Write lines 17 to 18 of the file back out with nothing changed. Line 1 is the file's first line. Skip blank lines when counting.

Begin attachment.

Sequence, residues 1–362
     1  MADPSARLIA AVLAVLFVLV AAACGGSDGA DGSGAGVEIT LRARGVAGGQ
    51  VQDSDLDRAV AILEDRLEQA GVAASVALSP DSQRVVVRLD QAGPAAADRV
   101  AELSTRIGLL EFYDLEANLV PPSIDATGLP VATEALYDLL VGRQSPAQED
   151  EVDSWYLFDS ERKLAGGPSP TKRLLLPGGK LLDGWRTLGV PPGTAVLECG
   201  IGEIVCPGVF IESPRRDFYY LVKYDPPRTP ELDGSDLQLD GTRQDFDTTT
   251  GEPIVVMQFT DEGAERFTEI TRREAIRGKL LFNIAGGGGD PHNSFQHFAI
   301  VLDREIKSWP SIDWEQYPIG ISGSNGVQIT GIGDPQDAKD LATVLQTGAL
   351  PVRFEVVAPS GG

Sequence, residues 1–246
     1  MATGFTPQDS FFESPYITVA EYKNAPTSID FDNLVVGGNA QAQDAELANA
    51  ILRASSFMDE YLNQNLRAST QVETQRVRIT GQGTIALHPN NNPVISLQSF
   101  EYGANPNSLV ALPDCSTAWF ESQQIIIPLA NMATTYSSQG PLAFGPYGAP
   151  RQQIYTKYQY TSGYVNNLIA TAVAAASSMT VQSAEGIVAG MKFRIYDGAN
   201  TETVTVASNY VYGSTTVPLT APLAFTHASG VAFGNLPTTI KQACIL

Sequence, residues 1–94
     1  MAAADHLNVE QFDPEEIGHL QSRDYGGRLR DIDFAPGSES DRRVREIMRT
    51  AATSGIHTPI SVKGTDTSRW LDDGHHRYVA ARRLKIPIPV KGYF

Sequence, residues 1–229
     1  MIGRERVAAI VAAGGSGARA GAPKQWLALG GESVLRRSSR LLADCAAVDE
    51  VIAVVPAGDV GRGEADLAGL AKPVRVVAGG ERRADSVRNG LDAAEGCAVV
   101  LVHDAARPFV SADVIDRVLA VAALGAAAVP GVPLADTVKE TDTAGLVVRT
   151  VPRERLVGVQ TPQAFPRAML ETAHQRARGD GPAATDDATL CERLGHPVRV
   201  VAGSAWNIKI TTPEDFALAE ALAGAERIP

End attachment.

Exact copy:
     1  MAAADHLNVE QFDPEEIGHL QSRDYGGRLR DIDFAPGSES DRRVREIMRT
    51  AATSGIHTPI SVKGTDTSRW LDDGHHRYVA ARRLKIPIPV KGYF